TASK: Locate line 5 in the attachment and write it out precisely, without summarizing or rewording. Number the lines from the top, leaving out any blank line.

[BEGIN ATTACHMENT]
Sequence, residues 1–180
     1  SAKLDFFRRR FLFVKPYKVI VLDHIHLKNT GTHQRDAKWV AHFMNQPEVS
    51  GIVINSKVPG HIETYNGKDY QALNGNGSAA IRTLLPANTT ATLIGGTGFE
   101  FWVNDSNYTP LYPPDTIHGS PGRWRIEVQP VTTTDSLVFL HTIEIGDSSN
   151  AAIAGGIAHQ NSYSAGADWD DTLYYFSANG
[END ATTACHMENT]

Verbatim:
   151  AAIAGGIAHQ NSYSAGADWD DTLYYFSANG